If you are a coach who is new to content marketing, you may be wondering what it is. Copyblogger Media, which built its business on producing and publishing compelling content, defines it this way:

Content Marketing means creating and sharing valuable free content to attract and convert prospects into customers, and customers into repeat buyers. The type of content you share is closely related to what you sell; in other words, you’re educating people so that they know, like, and trust you enough to do business with you.

Successful content marketing campaigns avoid high-pressure sales tactics, focusing instead on building relationships and trust with their target markets. For example, your content marketing strategy might include blog posts, podcasts, webinars, social media posts, and E-books, to name a few.
“With content marketing arguably the most critical piece of inbound marketing strategy . . . we’re poised to see explosive growth in the way businesses ‘do’ marketing,” forecasts Forbes in an October 2013 article, “The Top 7 Content Marketing Trends that Will Dominate 2014.

Now for coaches who consider themselves “high touch vs. high-tech,” this isn’t good news.
Perhaps a fresh perspective would help.

Content Marketing — Relationship is King

Sonia Simone, in her eBook, Internet Marketing for Smart People, makes this simple yet profound observation:

“Content matters . . . but content isn’t king. Relationships are king.”

For coaches, relationships are at the heart of who we are and what we do. If we reframe content marketing as relationship building, it makes the topic far less intimidating.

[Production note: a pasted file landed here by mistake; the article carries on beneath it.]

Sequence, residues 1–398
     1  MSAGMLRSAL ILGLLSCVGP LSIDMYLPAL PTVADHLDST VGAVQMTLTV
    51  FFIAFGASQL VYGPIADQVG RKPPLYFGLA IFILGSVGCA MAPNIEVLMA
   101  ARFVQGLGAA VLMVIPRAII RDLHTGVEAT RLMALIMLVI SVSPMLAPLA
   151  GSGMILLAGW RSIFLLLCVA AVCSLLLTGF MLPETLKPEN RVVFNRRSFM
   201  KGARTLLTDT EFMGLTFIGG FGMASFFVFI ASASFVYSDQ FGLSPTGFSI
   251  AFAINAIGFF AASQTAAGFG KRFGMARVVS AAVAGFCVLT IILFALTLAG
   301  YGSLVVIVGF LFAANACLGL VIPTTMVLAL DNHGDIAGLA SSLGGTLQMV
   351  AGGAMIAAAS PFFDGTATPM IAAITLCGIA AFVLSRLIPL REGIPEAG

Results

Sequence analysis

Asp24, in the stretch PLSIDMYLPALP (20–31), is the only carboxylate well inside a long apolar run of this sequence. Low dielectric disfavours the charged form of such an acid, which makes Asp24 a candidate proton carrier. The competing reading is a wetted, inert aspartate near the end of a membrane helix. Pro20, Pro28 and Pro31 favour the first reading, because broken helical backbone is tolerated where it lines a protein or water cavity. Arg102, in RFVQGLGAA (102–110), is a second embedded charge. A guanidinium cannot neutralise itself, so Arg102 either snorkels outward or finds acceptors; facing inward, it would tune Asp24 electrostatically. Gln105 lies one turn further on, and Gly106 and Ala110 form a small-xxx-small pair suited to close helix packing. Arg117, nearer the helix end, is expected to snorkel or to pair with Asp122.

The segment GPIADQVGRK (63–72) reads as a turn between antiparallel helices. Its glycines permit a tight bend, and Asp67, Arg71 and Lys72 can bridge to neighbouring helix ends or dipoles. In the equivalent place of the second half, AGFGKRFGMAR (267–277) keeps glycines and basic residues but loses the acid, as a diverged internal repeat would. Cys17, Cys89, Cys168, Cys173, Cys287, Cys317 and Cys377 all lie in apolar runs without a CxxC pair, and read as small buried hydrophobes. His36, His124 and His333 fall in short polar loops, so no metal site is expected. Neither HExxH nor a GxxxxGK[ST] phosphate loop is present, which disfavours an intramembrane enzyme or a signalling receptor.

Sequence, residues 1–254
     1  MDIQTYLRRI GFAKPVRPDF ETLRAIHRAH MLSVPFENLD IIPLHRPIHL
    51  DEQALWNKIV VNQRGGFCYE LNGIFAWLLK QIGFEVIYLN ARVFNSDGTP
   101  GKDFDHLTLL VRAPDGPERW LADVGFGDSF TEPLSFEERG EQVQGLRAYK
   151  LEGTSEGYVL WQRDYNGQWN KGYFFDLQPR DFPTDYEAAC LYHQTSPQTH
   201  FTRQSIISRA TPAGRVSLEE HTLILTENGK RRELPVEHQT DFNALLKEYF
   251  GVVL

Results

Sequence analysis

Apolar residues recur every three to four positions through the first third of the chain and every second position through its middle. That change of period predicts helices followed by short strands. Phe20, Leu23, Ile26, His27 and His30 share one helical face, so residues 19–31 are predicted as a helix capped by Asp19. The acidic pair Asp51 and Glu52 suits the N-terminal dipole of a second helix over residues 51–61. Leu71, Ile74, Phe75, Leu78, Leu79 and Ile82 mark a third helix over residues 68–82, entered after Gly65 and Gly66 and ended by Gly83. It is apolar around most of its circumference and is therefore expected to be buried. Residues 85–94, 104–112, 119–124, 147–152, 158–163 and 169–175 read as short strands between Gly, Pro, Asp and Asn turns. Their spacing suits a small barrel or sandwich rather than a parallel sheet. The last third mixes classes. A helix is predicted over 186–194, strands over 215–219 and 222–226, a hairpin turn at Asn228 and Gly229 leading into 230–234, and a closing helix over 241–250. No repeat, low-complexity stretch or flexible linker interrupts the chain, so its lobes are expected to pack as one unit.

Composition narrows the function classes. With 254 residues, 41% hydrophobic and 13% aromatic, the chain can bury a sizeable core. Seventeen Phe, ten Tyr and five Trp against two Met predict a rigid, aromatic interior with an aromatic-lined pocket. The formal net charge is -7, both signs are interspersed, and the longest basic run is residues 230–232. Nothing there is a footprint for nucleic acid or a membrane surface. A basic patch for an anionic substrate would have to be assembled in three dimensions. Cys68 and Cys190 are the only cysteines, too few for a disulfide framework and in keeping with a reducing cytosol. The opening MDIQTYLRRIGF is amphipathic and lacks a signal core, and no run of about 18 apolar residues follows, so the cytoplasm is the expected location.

Let’s consider what this might look like for the new coach just starting out. Assuming you’ve identified your niche and target market, the first step is to identify your audience’s pain points and convince them you understand the challenges they face.
Here’s how it played out in my business. As a leadership coach, I know that work/life balance and soul care are recurring themes in a leader’s life. In fact, I’ve stood on the precipice of burnout on a few occasions. I recounted one such experience and the steps I took to address it, starting with a silent retreat, on one of my blogs.
I have secured more paid clients and speaking gigs from that one article than any other. The article is heartfelt, which is one of the reasons it resonates so deeply with readers. 
So, instead of obsessing about writing well, why not focus instead on writing from your heart. Imagine yourself sitting across the table from a friend at a coffee shop. What would you say? How would you say it? 
Write it down. Let it sit for 24-48 hours and reread it. Edit and post. Repeat in two or three days.
But if a root canal sounds like more fun than writing for your blog, consider hiring a professional. Provided you can provide a few bullet points or notes to guide the process, most professional writers can pull something together in no time.
Content marketing holds increasing potential to make or break your coaching business. Smart coaches accept this new reality and do what it takes to make it happen.
So, what’s your content marketing plan?

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